Discussion:
Porphyria through the centuries
(too old to reply)
Leo van de Pas
2003-10-05 21:38:19 UTC
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King James VI-I of England and Scotland, reputedly, suffered from porphyria in a lesser degree, and is supposed to have inherited his this disease from King Charles VI of France.
Sufferers have been traced (?) till the present, King George III being probably the greatest victim of this condition.

My interest is the origin. I always thought that Jeanne de Bourbon (mother of Charles VI) was as far back as the disease could be traced, but then I read what David Williamson had to say in his book on the Kings of Europe :

"Charles's son and successor, Charles VI, has gone down in history as Charles the Mad, and we now know that his madness was a symptom of porphyria, the 'royal malady' which can perhaps be traced back as far as Alfred the Great of England and afflicted many of Charles's descendants, the most notable being King George III of Great Britain. Charles VI's father's condition may well have been attributed to the same cause and as his mother, too, had exhibited signs of instability, poor Charles VI probably inherited the disease in good measure.

I never knew about Charles V, I always thought the disease was attributed only to Jeanne de Bourbon. Does anyone know via whom this disease is supposedly to be traced to Alfred the Great?

Many thanks.
Leo van de Pas
Canberra, Australia
Paul Moynagh
2003-10-06 01:31:28 UTC
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In message <02aa01c38b86$f30d00a0$***@old>
***@bigpond.com (Leo van de Pas) wrote:

< Does anyone know via whom this disease is supposedly to be traced to
Alfred the Great?

No, but I guess tracing it back that far is rather fanciful. The
'accepted' story I thought was that it could only be traced back to
Henry V's wife, Katherine of France, and then via Henry VI --> Henry VII
--> Margaret Tudor --> James IV of Scotland and so via the Stewarts to
Farmer George.

A quick look at the bibliography of porphyria and the Royal Family listed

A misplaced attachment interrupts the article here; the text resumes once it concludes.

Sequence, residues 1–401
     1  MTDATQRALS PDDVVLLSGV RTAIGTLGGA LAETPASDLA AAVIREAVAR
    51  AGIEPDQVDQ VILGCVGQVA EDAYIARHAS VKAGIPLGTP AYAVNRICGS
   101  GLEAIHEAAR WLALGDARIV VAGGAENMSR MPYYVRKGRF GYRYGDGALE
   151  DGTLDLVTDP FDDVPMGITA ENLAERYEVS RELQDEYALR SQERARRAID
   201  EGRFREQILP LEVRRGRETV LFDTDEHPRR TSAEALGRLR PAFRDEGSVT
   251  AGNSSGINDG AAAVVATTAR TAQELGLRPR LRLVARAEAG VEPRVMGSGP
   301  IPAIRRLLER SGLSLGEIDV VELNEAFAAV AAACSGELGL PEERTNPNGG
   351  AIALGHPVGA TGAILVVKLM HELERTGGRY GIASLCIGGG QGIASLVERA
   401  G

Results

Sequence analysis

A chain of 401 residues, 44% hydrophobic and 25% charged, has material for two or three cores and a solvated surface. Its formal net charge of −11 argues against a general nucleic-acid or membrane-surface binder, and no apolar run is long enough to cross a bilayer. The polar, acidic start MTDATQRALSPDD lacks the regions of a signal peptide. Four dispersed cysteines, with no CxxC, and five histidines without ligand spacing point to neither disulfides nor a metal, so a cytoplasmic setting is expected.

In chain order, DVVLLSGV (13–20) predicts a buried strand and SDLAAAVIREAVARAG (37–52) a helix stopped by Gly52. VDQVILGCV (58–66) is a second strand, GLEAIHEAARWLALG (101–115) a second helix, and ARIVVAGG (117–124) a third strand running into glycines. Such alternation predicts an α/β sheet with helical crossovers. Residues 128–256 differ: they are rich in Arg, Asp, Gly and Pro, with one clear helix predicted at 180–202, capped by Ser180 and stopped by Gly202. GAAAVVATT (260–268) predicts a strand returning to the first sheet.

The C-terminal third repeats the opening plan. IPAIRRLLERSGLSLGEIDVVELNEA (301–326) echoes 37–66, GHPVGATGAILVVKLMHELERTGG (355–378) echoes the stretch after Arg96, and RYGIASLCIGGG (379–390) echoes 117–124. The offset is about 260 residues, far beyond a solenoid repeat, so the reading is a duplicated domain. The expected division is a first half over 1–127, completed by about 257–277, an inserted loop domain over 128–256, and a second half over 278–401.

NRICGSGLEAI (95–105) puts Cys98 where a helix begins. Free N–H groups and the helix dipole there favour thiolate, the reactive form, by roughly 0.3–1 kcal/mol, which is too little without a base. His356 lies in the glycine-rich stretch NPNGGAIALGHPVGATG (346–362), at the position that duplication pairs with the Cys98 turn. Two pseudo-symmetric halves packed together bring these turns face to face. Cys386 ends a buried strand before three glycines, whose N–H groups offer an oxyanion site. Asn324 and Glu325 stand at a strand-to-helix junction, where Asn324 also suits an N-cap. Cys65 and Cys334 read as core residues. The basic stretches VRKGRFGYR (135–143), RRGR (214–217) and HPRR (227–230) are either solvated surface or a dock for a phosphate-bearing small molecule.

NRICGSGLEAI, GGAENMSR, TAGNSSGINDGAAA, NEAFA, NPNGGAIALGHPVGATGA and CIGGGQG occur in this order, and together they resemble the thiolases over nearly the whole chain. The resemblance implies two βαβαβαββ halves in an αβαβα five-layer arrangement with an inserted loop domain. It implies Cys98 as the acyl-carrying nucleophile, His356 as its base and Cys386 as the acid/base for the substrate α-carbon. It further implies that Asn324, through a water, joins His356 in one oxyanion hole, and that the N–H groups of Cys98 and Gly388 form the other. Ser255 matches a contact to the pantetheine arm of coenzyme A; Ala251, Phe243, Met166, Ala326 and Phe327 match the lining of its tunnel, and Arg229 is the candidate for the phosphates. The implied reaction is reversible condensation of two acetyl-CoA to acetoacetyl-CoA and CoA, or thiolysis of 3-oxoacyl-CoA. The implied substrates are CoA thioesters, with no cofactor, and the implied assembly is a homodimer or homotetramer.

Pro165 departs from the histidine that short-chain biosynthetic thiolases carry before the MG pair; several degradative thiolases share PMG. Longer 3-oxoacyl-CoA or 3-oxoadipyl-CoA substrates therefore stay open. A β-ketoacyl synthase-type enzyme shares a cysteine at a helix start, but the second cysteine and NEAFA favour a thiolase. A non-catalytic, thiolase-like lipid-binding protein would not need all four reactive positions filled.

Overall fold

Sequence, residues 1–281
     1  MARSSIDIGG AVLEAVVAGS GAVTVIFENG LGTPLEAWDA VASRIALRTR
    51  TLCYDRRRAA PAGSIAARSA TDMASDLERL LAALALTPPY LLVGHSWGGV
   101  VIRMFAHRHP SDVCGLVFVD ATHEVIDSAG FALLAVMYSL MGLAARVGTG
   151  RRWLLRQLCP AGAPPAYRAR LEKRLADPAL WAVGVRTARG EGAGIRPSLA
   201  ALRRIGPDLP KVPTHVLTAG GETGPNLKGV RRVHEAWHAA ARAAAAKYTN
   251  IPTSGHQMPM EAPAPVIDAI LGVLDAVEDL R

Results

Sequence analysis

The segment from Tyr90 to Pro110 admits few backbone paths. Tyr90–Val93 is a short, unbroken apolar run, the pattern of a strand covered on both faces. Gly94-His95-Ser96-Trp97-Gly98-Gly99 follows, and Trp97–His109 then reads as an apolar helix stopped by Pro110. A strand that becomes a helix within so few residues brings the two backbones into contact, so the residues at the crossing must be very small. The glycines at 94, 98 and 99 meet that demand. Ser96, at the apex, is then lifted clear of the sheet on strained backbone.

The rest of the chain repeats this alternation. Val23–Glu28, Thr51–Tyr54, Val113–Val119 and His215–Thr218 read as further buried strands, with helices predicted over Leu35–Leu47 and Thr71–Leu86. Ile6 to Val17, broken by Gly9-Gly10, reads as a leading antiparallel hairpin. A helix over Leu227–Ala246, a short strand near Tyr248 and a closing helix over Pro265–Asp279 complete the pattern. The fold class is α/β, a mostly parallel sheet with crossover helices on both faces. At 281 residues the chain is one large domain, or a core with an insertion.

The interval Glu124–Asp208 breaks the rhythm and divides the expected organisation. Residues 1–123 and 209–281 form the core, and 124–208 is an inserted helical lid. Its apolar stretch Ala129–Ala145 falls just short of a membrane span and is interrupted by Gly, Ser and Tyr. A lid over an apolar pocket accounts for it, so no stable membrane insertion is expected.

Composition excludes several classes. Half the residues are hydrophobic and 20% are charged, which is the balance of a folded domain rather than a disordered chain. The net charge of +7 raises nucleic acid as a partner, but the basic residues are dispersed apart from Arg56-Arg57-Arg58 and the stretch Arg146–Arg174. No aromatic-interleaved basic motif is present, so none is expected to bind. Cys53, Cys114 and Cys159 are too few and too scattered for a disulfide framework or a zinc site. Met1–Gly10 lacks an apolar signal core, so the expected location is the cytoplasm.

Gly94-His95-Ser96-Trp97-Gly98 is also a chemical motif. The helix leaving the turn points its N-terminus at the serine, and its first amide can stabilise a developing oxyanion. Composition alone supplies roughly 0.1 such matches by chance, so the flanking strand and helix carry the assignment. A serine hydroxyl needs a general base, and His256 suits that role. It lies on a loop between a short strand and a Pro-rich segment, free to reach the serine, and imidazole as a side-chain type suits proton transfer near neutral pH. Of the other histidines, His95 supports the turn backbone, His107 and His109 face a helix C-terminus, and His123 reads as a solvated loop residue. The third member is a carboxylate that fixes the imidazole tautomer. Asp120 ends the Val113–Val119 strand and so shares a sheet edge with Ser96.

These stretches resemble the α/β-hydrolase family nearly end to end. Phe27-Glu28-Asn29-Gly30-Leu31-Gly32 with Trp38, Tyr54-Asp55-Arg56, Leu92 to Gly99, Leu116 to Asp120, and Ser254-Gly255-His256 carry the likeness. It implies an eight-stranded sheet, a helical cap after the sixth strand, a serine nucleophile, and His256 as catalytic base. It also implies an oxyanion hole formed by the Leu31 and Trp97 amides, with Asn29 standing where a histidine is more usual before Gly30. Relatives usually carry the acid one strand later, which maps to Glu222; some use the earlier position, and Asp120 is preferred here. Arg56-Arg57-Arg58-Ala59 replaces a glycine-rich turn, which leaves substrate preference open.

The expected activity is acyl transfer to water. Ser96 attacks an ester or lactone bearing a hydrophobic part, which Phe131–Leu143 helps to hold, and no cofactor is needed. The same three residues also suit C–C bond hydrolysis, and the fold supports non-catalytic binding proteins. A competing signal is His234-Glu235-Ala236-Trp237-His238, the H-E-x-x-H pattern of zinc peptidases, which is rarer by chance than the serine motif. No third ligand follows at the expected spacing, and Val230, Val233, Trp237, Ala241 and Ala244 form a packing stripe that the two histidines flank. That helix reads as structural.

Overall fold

by the Wellcome History of Medicine library in London comes up with
'George III: a personal history' by Chris Hibbert (pub by Basic Books,
New York, 1998) as the most recent to address the topic, which would
hopefully reference all sources up to then. That library is usually pretty
good at listing anything relevant, even if they do not hold it, and my
guess is that this is the 'latest'. If you cannot get hold of a copy,
I'll try and remember to have a look at it myself when I am next in that
library and let you know what he says.

Best wishes,
--
Paul Moynagh
***@argonet.co.uk
Paul Moynagh
2003-10-12 03:03:08 UTC
Permalink
Post by Paul Moynagh
< Does anyone know via whom this disease is supposedly to be traced to
Alfred the Great?
No, but I guess tracing it back that far is rather fanciful. The
'accepted' story I thought was that it could only be traced back to
Henry V's wife, Katherine of France, and then via Henry VI --> Henry VII
--> Margaret Tudor --> James IV of Scotland and so via the Stewarts to
Farmer George.
A quick look at the bibliography of porphyria and the Royal Family listed
by the Wellcome History of Medicine library in London comes up with
'George III: a personal history' by Chris Hibbert (pub by Basic Books,
New York, 1998) as the most recent to address the topic, which would
hopefully reference all sources up to then. That library is usually pretty
good at listing anything relevant, even if they do not hold it, and my
guess is that this is the 'latest'. If you cannot get hold of a copy,
I'll try and remember to have a look at it myself when I am next in that
library and let you know what he says.